Update – April 23, 2020 – Group Petitions FERC to Regulate Rooftop Solar Energy Transfers

Last week, a group calling itself the New England Ratepayers Association (NERA) filed a petition for a declaratory order at FERC requesting that the Commission find that it has jurisdiction over energy transfers from generation located on the ratepayer side of the retail meter, such as rooftop solar panels. Utility ratepayers with solar panels are typically credited on their monthly bills for their rooftop production under net metering tariffs that charge the difference between monthly household consumption and rooftop production. The Petitioner argues that such state-regulated net metering arrangements are preempted by federal law. The netting between consumption and production, it claims, must be calculated on an hourly basis, and any excess hourly production is a wholesale sale in interstate commerce from the ratepayer to the utility and therefore subject to federal pricing regulation.

FERC disclaimed jurisdiction over net metering nearly twenty years ago. In a 2001 order, FERC concluded that “no [wholesale] sale occurs when an individual homeowner or farmer installs generation and accounts for its dealings with the utility through the practice of netting.” Only when production exceeds consumption over the course of the state-determined netting period (typically a monthly billing cycle) is there a wholesale sale subject to federal pricing regulation. In a 2009 order, FERC affirmed this conclusion and extended it to a situation where the owner of the generation resource is not the utility ratepayer. It determined that “where the end-use customer makes no net sale to the local [ ] utility with which it has a net metering arrangement, the sale of electric energy by [the generation owner] to the end-use customer in such circumstances does not constitute a sale for resale . . . [and] the sales are not subject to the Commission’s jurisdiction.” FERC’s landmark storage orders, issued in 2018 and 2019, cite both net metering orders, affirming that they continue to be on solid legal ground.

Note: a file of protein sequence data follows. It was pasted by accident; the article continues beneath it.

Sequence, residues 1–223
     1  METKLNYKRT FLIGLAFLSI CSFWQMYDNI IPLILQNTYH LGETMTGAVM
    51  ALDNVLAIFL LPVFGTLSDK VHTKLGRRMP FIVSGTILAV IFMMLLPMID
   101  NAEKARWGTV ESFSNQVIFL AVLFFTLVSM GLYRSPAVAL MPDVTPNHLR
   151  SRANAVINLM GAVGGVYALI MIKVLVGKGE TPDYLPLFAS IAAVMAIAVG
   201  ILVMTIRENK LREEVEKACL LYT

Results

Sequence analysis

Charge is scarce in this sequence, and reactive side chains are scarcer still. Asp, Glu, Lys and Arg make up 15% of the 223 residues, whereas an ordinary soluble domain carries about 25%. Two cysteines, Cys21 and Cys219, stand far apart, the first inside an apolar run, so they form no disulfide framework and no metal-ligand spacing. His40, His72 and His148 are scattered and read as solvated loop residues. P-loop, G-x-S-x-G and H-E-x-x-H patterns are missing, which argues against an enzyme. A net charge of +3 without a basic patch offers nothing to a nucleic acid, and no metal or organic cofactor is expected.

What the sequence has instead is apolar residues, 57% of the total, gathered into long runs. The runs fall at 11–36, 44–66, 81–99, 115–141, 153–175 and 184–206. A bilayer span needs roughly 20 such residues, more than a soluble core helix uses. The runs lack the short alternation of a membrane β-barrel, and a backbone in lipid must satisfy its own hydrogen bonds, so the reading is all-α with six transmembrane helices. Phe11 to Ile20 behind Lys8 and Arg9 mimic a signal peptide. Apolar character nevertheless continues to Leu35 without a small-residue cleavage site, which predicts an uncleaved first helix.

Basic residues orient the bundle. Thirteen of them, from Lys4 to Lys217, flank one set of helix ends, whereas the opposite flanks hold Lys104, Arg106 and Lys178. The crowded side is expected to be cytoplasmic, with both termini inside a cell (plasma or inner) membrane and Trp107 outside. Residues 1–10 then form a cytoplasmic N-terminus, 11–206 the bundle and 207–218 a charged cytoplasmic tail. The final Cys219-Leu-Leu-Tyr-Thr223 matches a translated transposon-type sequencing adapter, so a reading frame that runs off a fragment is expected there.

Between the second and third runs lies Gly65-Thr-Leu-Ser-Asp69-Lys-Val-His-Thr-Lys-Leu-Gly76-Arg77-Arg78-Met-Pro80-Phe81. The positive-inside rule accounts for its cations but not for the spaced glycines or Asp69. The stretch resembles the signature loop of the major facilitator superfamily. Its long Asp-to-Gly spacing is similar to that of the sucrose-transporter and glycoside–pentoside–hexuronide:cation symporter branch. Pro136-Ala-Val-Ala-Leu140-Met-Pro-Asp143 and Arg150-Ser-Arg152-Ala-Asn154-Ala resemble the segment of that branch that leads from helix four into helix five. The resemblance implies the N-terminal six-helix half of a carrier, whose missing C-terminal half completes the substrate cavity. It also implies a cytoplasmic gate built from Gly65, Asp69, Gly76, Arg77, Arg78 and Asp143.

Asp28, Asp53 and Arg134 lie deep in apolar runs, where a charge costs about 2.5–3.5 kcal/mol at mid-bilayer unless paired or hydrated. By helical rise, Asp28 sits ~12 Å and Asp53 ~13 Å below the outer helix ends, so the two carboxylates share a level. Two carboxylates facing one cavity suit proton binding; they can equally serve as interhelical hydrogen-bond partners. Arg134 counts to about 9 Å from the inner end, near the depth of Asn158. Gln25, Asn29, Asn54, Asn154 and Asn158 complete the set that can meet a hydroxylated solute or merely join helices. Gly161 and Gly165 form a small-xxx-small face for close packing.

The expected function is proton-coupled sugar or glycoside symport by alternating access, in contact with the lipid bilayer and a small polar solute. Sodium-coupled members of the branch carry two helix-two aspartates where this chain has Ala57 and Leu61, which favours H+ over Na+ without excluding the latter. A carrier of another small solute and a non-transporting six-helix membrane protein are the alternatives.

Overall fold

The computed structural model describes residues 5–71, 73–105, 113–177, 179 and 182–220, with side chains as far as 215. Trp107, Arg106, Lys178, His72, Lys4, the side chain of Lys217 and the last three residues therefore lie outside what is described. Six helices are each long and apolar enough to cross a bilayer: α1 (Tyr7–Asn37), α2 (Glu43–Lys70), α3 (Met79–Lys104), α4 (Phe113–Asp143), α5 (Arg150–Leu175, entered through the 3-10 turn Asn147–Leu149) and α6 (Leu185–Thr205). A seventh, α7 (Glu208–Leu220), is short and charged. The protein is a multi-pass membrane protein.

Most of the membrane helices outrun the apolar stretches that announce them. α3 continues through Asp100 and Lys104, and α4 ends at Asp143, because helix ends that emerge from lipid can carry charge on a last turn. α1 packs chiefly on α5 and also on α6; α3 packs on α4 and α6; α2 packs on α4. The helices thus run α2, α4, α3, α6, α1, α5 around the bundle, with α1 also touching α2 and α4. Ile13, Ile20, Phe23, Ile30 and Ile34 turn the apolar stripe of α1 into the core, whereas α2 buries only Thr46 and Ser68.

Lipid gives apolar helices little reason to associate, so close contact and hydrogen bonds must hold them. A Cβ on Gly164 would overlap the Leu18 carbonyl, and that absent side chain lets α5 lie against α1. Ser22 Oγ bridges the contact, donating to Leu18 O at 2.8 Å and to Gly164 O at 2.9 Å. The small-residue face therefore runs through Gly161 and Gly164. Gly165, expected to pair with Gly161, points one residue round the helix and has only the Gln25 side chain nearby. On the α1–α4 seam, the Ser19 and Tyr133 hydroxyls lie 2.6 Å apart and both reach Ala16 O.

Petitioners nonetheless assert that FERC’s reasoning in these two orders “was never correct” and was invalidated by a 2010 D.C. Circuit decision. In that case, the court reviewed a FERC order requiring the California ISO to establish a monthly netting interval to calculate so-called station power, the amount of power consumed by power plants selling through the organized wholesale market. A utility protested the order, arguing that FERC has no authority to set any netting period that has the effect of determining the quantity of state-regulated retail sales. The court remanded to FERC, which subsequently disclaimed its prior approach, proclaimed that it did not intend to preempt the state’s calculation of retail sales, and concluded that states may use a different methodology to calculate retail sales from the netting method approved by FERC in CAISO’s tariff. NERA argues that the 2010 case and subsequent decision upholding FERC’s remand order “reject the very basis of FERC’s decision to disclaim jurisdiction” over net metering.

We have published two pieces that directly address NERA’s arguments. In 2016, we released a two-page policymaker summary of Professor Jim Rossi’s article, “Federalism and the Net Metering Alternative.” Professor Rossi defends FERC’s current approach to net metering and argues that NERA’s attorney misinterprets the DC Circuit case. In 2018, we released “The Case Against Direct FERC Regulation of Distributed Energy Resources,” which explains why sales from behind-the-meter resources are not wholesale sales in interstate commerce.

NERA filed a petition in 2018 asking FERC to find that a New Hampshire law supporting in-state biomass plants is preempted because it sets a wholesale rate. FERC granted the petition.